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Amway/Quixtar Series: Tools

8

Now I will attempt to tackle what is arguably the most heated topic in and out of Quixtar: the tools system.

What are Tools in Quixtar?

Essentially, tools are the emotionally fueled training materials made specifically to motivate IBOs to succeed in the business. Tools come in book form as well as audio media, which used to be audio tapes, but now are primarily in compact disc form. I asked my fellow furniture store employee how often he orders new CDs and books from Quixtar. He told me he gets (and listens to) two CDs every week at a cost of $7.00 each and one book every two weeks. I think the cost of the books vary, but if memory serves me right, they run from $10 to $12. Easy math tells us that this is an investment of roughly $78 every month (eight CDs at $7 each and two books at $11 each). I will do my research so that down the road a bit I will be able to post the typical expenses an IBO must pay to remain active in the Quixtar business.

Are Tools Required?

Most working people have been employed, at some point, by a company who requires their employees to be trained on a regular basis. This is just good business sense. It keeps the employees up to date on the latest company news, changes, policies, techniques, goals, and so on. Also common is that this training material is required, and provided at no charge to the employee. The company pays for the material because it is seen as vital to the future success of the business. Here’s where Quixtar is different.

Ask any Quixtar IBO if the tools are mandatory, and they will answer “Of course not, they are optional! Tools are optional, but so is success.” Then, from my experience, ask that same IBO if they buy the tools, and get ready for a spiel something along the following lines.

Well, I see it this way. If I can learn how to run my business from the people who got rich in the same business, I’m going to do it! The way to succeed in life is to find people who have succeeded, and copy everything that they did. So yeah, of course I get all the tools I can get my hands on!

The reason most people will say this is because it’s a widely used trained response. Chances are they will mention Michael Dell and his “3 C’s of e-commerce.” The name-dropping practiced in Quixtar is yet another issue I’ll address in another post later on.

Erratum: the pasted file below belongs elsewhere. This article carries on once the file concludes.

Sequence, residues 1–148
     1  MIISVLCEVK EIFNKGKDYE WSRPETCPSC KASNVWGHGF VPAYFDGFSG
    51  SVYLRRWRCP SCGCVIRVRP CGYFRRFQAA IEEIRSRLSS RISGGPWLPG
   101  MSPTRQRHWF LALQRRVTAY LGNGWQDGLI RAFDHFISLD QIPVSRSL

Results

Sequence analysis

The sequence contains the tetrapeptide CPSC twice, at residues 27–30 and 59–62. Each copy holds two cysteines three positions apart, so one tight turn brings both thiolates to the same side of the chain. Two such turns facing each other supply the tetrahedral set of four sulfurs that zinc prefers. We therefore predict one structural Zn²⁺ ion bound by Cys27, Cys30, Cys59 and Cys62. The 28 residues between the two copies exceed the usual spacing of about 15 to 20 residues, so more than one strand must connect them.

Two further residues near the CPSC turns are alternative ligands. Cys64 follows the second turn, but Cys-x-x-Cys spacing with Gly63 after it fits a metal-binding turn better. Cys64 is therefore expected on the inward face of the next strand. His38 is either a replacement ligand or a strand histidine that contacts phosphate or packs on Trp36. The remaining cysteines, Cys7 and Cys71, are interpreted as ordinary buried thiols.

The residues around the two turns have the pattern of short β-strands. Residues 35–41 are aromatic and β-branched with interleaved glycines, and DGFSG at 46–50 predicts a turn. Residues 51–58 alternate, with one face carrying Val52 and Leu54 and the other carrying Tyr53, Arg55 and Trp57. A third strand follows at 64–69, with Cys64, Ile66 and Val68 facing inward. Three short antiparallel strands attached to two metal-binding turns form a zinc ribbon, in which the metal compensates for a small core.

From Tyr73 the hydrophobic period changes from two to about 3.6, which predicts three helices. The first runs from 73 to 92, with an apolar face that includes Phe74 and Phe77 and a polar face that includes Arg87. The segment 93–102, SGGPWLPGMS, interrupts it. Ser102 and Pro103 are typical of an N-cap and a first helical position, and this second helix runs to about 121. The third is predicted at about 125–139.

I learned from Eric Scheibeler’s book how the purchase of tools is presented to IBOs. It really comes down to peer pressure. Being an active IBO in Quixtar is very much being part of an extremely tightly knit family. Typically, IBOs have become alienated by their family and friends due to constant pressure to buy their products and/or join Quixtar. Once they realize most people just don’t “get it,” they grow close to their business associates. In addition to this family-like bond is the image of caring about the business. Large portions of most meetings, as I understand it, are devoted to the use of tools to become more successful. Here’s their psychological breakdown of why you really should be buying all the tools:

  • You decide to not purchase tools for a month or two, so…
  • You obviously don’t want to succeed as much as those in your upline who are freely giving their time to help you out and even worse, you are showing your downline that they don’t have to care either, so…
  • You must not really care about Quixtar, since you’ll be essentially telling your downline that they can stop trying too, so…
  • You won’t be making any money because your downline will be following your poor example of not caring, so…
  • Your family will not be able to spend time together because they’ll need to find some other means of trying to make money in the J-O-B world, so…
  • You must not care about your family and their wellbeing, so…
  • Why are we still friends with someone who doesn’t even love their own family?

Might sound a little extreme, right? Well, as rough as it is, as a member of the tightly knit Quixtar family of active IBOs, failing to order tools is failing to care. Failing to care is as good as giving up to them, so you’d better be buying those tools buddy.

Do You Really Need Constant Training?

With two CDs each week and a book every other week, all Quixtar IBOs that I’ve known can almost always be seen with a book and/or a CD or two nearby. At the furniture store, an employee there is an IBO and received permission to wear one earbud in his ear throughout the day so he could be listening to his material while doing his J-O-B. There is an endless supply of material, and to keep up, most of the free time each IBO has is spent absorbing the content contained within the tools system. Just think about this for a minute. When was the last time you read or studied a single topic for at least two or three hours a day for at least a couple of weeks?

I don’t know that I’ve devoted that kind of focus to any topic lately, but the most vivid example that comes to my mind is with a certain video game (called Rise of the Dragon, it was awesome!) for the Sega CD that I played with a friend (taking turns, it was a one player game) in my teenage years. We must have played that game for 14 hours straight until we beat it. We stayed up most of the night, only catching a couple hours of sleep before our parents dragged us to church. I remember that my mind was so affected that hearing people speak was as if I was seeing them in the game. This game gave options of how to answer people the character was talking to, and in church, it seemed as though each person was selecting their words from an option box floating near their head. It was wild stuff.